From The European History of the Swiss Mennonites from Volhynia
Schrag, Martin H 1956
The early Anabaptists were educated and urban–but the persecution drove them from the cities and towns to the remote and relatively inaccessible highlands and mountain fringes of the fertile areas of the Canton Bern. Here they hid and persisted in spite of persecution, through the centuries to the present time. Persecution, of varying intensity, was the lot of the Swiss Anabaptists (Mennonites) until the middle of the eighteenth century. During the intense periods of persecution many, perhaps most of the Anabaptists, fled to whatever havens of refuge they could find, especially in the Germanic areas to the north and northwest of modern Switzerland. The Swiss-Volhynians were among this group.
Documentation of Swiss Origin. Documentation of the Swiss origin of the Swiss-Volhynian Mennonites is found in families that can be traced back to Switzerland, and in early records written by or about Swiss-Volhynian Mennonites.1 Mention should be made of the fact that families of interest in this study left Switzerland in the later part of the seventeenth century and the forepart of the eighteenth.
The Krehbiel family is traceable to Switzerland genealogically. Jost Crayenbuehl,2 characterized as a leader in the church, lived at Zäziwil, Switzerland, near the River Aar.3 He was located on a large hof in the immediate vicinity of Zäziwil. Three sons were born to Jost. One of these, named Peter, states that they were reared in the fear of the Lord and with much Bible teaching. They worked their fields and were not too much concerned with matters outside their immediate context. The Anabaptists living in the area met at different places on Sunday because the congregation was scattered. Nearly all of the members were farmers, with a few weavers and carpenters. Persecution came in 1670. Jost Crayenbuehl was imprisoned and mistreated. After something of a miraculous delivery from prison, he and his family left Switzerland.4
On the basis of primary sources, as recorded by the historian Mathiot, it can be asserted that the families arriving in Volhynia from the Montbeliard community in France were of Swiss origin. Mathiot states in relation to families living in the Montbeliard community, that the Fluckiger family came from Lützelfüh and Hettiswil in Bern, the Graber family from Bern (possibly Kirchdorf), the Kauffman family from Grindelwald, Bern, and the Stuckys from Kirchdorf, Diessbach, and Diemtigen.5 This evidence relates family names found among Swiss-Volhynian Mennonites with explicit points in Switzerland.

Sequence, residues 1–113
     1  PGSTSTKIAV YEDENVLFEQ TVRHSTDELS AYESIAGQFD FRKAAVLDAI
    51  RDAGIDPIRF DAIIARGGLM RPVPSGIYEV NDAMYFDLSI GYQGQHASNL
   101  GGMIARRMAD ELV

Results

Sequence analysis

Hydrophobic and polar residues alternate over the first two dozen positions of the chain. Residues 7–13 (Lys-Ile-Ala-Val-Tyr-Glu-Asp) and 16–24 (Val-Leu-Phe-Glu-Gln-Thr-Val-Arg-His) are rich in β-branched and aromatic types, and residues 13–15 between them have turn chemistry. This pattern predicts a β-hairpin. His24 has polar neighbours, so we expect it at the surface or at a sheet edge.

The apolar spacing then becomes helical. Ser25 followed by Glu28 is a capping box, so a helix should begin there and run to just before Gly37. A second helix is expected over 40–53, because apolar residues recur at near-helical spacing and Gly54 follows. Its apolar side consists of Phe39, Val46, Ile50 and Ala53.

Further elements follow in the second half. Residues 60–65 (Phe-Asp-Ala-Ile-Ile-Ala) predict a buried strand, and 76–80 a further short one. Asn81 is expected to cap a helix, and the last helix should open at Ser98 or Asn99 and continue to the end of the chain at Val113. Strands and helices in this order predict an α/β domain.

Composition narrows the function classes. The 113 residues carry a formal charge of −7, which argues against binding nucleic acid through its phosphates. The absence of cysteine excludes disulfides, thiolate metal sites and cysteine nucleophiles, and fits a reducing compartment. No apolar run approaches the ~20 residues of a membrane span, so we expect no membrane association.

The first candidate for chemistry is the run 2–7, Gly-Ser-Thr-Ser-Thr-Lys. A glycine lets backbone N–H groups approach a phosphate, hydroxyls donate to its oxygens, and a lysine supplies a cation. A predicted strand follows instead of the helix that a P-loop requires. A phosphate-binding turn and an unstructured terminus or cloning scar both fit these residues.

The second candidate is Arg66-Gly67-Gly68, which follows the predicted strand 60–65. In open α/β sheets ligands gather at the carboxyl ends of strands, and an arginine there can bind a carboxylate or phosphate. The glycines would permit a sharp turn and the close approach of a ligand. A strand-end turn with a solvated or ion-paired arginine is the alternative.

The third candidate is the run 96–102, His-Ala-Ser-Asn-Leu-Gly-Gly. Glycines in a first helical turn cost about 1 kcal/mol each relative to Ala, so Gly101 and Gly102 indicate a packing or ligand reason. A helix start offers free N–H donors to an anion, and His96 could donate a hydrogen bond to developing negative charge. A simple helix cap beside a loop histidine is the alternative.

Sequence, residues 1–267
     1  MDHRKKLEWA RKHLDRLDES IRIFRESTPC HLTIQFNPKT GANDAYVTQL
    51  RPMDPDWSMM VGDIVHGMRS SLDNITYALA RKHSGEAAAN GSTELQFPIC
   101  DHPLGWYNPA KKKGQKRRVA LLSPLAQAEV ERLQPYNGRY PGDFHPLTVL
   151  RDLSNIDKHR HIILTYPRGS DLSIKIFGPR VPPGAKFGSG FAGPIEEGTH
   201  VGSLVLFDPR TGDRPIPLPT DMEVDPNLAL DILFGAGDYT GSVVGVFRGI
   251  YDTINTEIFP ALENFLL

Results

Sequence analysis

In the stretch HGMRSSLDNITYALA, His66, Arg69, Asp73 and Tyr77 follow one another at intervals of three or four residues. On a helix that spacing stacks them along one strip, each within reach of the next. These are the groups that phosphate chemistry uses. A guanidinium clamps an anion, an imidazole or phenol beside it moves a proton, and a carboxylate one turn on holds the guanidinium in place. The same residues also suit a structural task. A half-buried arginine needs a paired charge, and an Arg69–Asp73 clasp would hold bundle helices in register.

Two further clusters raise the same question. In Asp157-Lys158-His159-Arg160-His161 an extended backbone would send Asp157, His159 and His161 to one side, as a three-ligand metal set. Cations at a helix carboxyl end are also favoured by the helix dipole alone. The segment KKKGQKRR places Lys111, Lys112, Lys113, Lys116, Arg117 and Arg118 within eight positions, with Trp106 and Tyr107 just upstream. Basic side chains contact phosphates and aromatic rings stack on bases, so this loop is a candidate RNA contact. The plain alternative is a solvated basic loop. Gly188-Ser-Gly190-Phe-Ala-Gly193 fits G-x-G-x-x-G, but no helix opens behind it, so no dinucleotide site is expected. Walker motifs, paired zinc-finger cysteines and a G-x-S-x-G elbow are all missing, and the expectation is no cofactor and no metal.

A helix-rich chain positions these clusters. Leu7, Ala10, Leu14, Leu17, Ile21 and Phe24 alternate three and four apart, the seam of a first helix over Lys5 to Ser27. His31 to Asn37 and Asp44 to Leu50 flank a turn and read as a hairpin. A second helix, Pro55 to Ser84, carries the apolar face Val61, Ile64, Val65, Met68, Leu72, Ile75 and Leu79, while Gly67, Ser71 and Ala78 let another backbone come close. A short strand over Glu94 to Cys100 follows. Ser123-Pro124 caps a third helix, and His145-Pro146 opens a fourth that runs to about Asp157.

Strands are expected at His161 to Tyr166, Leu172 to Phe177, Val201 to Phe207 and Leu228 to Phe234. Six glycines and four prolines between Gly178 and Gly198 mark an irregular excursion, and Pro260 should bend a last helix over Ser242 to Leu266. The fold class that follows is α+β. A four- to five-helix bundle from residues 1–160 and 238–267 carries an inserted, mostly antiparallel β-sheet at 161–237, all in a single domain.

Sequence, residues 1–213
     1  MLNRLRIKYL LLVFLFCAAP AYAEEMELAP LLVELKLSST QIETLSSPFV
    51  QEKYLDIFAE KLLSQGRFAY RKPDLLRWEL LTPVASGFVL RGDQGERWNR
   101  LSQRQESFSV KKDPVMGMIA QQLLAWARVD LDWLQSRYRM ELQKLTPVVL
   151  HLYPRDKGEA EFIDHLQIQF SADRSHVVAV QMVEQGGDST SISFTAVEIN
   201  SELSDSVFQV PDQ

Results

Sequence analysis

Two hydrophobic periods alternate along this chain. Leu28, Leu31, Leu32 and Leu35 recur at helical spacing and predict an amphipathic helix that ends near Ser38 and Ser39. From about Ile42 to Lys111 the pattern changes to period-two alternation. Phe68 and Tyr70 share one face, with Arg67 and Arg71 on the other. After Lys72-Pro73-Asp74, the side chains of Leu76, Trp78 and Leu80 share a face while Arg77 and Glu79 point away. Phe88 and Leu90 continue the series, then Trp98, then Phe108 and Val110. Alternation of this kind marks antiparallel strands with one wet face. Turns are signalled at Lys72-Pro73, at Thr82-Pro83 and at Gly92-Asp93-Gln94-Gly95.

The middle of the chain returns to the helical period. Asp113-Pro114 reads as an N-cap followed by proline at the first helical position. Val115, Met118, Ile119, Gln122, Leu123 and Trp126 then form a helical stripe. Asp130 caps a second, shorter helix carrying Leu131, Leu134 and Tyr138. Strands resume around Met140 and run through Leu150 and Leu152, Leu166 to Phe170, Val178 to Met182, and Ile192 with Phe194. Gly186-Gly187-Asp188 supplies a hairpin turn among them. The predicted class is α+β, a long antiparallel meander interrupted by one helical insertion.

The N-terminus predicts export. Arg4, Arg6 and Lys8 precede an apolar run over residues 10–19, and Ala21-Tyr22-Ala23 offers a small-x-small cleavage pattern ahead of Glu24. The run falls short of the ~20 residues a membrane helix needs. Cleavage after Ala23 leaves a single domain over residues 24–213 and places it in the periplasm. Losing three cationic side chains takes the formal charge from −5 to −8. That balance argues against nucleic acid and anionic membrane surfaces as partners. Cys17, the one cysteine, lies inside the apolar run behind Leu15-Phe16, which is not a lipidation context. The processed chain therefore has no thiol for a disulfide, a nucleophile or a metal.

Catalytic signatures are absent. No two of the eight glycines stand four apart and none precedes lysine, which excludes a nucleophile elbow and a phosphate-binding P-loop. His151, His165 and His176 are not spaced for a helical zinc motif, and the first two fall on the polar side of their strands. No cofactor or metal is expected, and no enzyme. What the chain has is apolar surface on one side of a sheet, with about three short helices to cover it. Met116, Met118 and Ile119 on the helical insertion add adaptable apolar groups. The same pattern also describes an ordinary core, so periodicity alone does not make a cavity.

Reinforcing the last paragraph, there is conclusive evidence that the Alsace and Montbeliard communities were almost entirely composed of Swiss Anabaptists and their descendants. A Catholic priest notes the coming of the Swiss Anabaptists to Alsace in 1643. (Earlier Swiss Anabaptists in Alsace had been virtually wiped out by persecution and war.) Primary sources attest to the fact that a large group arrived in Alsace in 1671.6 The Swiss background of the two mentioned communities is commonly accepted by historians conversant with the story.7
Further evidence of the Swiss origin of the Swiss-Volhynian Mennonites is to be found in early documents. In a passport issued to a group of Swiss-Volhynians (Goering, Graber, Lichti, Kaufman, and Roth) as they left Montbeliard for Poland, the group is referred to as “German-Swiss”.8 They are referred to as ethnically Swiss. A second document giving further proof is the church book begun approximately 1810 by the Galician Mennonites soon after their arrival in Galacia from the Palatinate. In this source we find that the first settlers, although coming directly from the Palatinate, originated in Switzerland (were “aus der Schweiz abstammend.“9)
Lastly, mention should also be made of the fact that the Anabaptist (Mennonite) communities in Alsace, Montbeliard, and the Palatinate gained very few if any new members by the conversion of their non-Anabaptist neighbors. As a matter of fact, this was forbidden by law.10 Thus, they remained “pure” in their Swiss ethnic background.
The evidence marshalled suggests the conclusion that the ancestral core of the Swiss-Volhynian Mennonites was of Swiss origin.
Swiss-Anabaptist Life. Continued persecution combined with an interpretation of Anabaptist views, especially the concept of separation from the world, resulted in significant tendencies and patterns in the religious and social life of the Swiss Anabaptists.